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Water-Vapor Measurements of Low-Slope Roofing Materials.

pdf icon Water-Vapor Measurements of Low-Slope Roofing Materials. (1594 K)
Burch, D. M.; Desjarlais, A. O.

NISTIR 5681; 32 p. July 1995.

Available from:

National Technical Information Service
Order number: PB95-251617


moisture; moisture transfer; sorption isotherm; water vapor permeability; water vapor transfer; moisture property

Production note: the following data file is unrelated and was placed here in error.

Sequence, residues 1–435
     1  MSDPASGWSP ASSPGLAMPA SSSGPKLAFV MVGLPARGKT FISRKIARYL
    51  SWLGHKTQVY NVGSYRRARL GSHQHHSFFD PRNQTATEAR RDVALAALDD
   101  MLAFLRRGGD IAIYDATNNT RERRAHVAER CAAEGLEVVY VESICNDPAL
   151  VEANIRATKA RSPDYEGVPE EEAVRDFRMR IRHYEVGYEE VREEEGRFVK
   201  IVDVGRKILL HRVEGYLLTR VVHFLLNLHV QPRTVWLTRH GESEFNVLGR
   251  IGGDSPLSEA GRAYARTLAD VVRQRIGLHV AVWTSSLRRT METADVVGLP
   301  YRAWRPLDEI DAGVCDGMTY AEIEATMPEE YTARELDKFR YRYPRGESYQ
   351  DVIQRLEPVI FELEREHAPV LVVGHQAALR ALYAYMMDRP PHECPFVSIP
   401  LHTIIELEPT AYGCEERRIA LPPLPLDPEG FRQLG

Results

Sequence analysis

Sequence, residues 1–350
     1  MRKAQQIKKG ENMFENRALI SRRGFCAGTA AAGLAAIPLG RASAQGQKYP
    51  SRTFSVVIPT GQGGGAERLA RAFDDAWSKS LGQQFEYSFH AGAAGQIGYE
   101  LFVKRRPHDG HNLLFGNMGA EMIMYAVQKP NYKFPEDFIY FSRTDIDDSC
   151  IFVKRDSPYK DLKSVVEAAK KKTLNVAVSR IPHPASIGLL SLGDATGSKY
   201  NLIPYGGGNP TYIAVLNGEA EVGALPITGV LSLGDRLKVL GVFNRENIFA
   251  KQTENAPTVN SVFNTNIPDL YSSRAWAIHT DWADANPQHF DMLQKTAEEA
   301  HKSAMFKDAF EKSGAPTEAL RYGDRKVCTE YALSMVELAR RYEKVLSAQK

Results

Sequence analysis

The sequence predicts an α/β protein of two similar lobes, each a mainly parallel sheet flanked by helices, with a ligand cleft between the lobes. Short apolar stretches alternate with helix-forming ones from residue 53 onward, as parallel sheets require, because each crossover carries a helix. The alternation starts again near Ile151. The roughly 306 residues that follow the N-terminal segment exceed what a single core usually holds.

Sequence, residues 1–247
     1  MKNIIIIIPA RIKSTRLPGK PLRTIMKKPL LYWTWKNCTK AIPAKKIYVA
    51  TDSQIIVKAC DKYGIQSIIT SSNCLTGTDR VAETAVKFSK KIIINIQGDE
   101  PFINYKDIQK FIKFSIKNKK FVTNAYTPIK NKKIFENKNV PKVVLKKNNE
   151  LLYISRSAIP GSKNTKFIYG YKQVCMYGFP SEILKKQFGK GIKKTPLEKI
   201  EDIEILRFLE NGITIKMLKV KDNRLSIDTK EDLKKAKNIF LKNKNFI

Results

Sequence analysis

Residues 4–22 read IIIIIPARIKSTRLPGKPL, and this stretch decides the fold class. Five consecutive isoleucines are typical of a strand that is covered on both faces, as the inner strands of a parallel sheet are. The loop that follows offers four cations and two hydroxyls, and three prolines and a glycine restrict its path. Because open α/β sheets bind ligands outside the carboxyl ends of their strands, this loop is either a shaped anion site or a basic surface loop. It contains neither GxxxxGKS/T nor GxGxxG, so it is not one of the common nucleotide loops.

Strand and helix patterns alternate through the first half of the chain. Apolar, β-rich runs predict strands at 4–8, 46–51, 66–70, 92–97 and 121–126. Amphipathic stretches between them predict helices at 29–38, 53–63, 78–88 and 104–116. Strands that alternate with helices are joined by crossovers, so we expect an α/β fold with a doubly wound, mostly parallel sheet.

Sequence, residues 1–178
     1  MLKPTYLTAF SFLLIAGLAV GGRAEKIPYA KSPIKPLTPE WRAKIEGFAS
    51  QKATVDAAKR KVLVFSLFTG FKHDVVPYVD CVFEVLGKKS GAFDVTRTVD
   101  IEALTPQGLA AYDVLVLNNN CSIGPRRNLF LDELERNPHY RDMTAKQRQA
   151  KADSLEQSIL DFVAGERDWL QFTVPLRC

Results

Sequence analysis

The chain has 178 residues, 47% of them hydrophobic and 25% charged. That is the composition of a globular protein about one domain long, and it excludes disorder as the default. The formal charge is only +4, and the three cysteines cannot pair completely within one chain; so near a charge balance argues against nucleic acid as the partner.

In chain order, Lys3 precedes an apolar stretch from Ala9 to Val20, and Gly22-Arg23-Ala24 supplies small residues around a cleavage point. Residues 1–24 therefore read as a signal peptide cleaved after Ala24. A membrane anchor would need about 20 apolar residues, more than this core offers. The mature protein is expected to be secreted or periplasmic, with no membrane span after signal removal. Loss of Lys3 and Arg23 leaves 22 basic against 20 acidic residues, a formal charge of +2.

New measurement methods recently developed at the National Institute of Standards and Technology were used to measure the sorption isotherm and permeability of several low-slope roofing materials at a mean temperature of 24 deg C (75 deg F). The materials included: fiberboard, perlite board, exterior-grade plywood, polyisocyanurate board insulation with glass-matt facers, and glass-fiber board insulation with a facer. For the sorption isotherm measurements, the materials were placed in various ambient relative humidities ranging from a dry to a saturated state. The equilibrium moisture content plotted versus ambient relative humidity at 24 deg C (75 deg F) gave the sorption isotherm. Separate sorption isotherms were obtained for specimens initially dry (adsorption isotherm) and specimens initially saturated (desorption isotherm). For the permeability measurements, a series of cup measurements was performed, and the permeability was plotted as a function of the mean relative humidity across the specimen. The measurements revealed that the moisture properties of building materials are often significantly dependent on average relative humidity. Standard measurement methods currently in use in the United States do not adequately account for the effect of relative humidity on moisture properties.